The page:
The first step in the filtering process is to change the sample rate of both VIS' and VQS' to 4 fc by inserting interstitial zero-valued samples into each of the sampled data signals. In the present embodiment of the invention, this step is performed by a multiplexer 536 and a source of zero-values samples 538. The multiplexer 536 is conditioned by the signal CK2 to pass the values of the signals VIS' and VQS' when the signal CK2 is in a logic-zero state and to pass a zero-valued or null sample from source 538 when CK2 is in a logic-one state. The signals VIS" and VQS" provided by the multiplexer 536 are applied to a complex filter 540.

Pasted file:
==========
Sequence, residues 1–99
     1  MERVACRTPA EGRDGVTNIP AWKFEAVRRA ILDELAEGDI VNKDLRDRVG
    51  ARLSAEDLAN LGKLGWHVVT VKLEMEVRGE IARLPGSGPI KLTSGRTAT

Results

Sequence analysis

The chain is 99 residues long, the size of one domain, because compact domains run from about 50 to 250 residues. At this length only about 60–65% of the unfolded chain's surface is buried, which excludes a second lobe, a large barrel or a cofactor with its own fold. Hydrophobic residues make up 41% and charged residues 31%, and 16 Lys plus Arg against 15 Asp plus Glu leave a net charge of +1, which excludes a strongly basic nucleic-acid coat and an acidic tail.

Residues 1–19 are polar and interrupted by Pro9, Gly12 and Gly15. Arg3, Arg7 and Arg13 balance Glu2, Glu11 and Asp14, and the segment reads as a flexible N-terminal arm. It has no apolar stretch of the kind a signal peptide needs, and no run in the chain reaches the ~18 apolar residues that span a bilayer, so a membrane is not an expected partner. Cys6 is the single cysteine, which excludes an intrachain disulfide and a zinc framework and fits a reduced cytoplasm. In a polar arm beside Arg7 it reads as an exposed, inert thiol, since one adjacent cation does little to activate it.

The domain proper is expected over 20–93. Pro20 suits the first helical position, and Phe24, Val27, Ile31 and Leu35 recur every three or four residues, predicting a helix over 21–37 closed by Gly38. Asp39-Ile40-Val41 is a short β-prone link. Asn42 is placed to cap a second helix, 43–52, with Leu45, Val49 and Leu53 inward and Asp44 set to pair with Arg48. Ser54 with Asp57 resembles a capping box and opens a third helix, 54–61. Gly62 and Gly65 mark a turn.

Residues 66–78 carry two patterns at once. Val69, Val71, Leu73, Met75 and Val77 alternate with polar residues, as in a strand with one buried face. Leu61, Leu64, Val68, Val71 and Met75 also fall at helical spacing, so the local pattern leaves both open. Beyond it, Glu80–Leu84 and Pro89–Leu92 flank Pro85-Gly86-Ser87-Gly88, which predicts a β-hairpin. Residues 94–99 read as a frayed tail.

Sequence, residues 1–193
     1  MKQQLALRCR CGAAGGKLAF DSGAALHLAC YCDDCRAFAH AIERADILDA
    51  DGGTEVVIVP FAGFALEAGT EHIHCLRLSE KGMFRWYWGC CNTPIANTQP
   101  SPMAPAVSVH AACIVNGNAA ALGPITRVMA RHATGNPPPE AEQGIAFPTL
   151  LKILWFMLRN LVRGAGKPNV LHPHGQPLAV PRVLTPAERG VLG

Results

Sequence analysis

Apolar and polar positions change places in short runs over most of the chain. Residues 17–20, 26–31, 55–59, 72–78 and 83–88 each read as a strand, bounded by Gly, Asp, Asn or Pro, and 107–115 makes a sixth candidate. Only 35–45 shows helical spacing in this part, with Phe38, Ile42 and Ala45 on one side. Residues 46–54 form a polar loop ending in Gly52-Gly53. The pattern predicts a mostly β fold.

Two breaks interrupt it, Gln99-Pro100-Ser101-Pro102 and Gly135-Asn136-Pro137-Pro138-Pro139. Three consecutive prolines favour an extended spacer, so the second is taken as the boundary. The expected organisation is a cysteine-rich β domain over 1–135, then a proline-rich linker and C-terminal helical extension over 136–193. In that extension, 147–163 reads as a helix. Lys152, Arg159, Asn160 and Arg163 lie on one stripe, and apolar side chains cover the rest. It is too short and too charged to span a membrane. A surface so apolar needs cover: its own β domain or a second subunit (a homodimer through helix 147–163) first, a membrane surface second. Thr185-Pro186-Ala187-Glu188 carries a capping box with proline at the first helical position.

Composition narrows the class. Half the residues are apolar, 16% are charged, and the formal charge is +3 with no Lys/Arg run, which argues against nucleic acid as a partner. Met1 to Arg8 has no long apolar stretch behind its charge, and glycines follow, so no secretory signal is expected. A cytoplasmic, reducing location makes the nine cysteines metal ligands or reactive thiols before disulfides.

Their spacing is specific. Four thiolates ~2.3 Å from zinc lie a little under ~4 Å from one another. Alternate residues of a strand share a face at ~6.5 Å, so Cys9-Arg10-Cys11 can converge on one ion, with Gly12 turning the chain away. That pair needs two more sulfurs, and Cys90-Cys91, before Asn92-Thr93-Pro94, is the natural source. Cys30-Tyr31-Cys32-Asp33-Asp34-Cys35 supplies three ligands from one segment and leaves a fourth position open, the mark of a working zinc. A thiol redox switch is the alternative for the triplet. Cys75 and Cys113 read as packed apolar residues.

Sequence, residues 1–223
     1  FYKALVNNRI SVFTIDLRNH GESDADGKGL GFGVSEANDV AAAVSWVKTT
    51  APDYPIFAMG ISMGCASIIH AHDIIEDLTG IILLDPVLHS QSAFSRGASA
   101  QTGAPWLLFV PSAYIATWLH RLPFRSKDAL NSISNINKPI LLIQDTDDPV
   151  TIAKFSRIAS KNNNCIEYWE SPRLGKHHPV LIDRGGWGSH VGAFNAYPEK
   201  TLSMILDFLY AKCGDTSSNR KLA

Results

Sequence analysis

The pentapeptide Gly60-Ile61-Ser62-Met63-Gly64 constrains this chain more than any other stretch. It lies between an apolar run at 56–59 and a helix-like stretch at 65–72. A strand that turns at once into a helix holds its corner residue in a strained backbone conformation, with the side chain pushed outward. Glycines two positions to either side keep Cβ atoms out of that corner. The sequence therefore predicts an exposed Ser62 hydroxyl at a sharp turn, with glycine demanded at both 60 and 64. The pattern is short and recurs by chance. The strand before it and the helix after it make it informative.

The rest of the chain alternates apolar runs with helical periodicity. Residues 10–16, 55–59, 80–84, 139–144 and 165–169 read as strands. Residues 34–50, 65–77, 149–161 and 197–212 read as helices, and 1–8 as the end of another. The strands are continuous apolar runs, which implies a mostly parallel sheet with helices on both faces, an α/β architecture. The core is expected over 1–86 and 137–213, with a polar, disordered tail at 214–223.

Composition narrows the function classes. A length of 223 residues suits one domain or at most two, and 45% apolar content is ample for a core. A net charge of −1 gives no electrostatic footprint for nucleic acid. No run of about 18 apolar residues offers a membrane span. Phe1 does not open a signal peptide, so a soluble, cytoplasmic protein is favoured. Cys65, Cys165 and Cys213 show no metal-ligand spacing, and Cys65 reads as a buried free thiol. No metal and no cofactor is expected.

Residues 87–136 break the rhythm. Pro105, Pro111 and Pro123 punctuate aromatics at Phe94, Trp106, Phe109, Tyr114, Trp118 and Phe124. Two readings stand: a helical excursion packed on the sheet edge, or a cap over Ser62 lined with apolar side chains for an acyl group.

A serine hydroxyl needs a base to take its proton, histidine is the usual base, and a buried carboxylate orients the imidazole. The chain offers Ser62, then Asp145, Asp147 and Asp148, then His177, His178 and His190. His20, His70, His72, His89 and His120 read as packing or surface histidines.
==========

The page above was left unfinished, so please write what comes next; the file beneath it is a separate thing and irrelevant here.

Circuitry suitable for use as the complex FIR filter 540 is illustrated in FIG. 7. In FIG. 7, the signal VIS" is applied to a delay element 710 which is the first of a group of serially connected delay elements also including delay elements 712, 714, 716, 718, 720, 722 and 724. Each of the delay elements 710 through 714 and 220 through 224 delays sample values applied to its input port by two periods of the signal CK4 (i.e., 2τ). The delay elements 716 and 718 delay the sample values applied to their input ports by one period of the signal CK4, (i.e., τ). The quadrature phase input signal, VQS", is applied to a second group of serially connected delay elements, 770, 772, 774, 776, 780, 782 and 784, each of which provides a 2τ delay. The input signals VIS" and VQS" are summed by an adder 732, and the resulting sum is applied to one input port of a signal summing network 734. The network 734 adds the signal provided by the adder 732 to a signal provided by the delay element 724 and subtracts from this sum, the signal provided by the delay element 784. The resultant sum is applied to one input port of a multiplier 736. Another input port of the multiplier 736 is coupled to receive a filter coefficient value, h4, provided by a source of digital value 738. The output signal provided by the multiplier 736 is the sum of the signals VIS", VQS" and the signal provided by the delay element 724 minus the signal provided by the delay element 784, all multiplied by the coefficient value h4. This output signal is applied to an input port of a summing network 740. In the same manner, three other sum of product terms are developed: the output signal of the delay element 770 is subtracted from the output signal of the delay element 710 by a subtractor 742 and the result is added, in a summing network 744, to the signals provided by the delay elements 744 and 782. The output signal of the summing network 744 is applied to a multiplier 746 which scales the sum by a coefficient value h3; the output signals of the delay elements 712, 772 and 720 are summed, the output signal of the delay element 780 is subtracted from this sum and the result is multiplied by a coefficient value h2; and the output signals of the delay elements 714, 776 and 718 are summed, the output signal of the delay element 774 is subtracted from this sum and the result is multiplied by a coefficient value h1. Each of these scaled sums is applied to a separate input port of the summing network 740. The signal provided by the delay elemnent 716 is also applied to the summing network 740.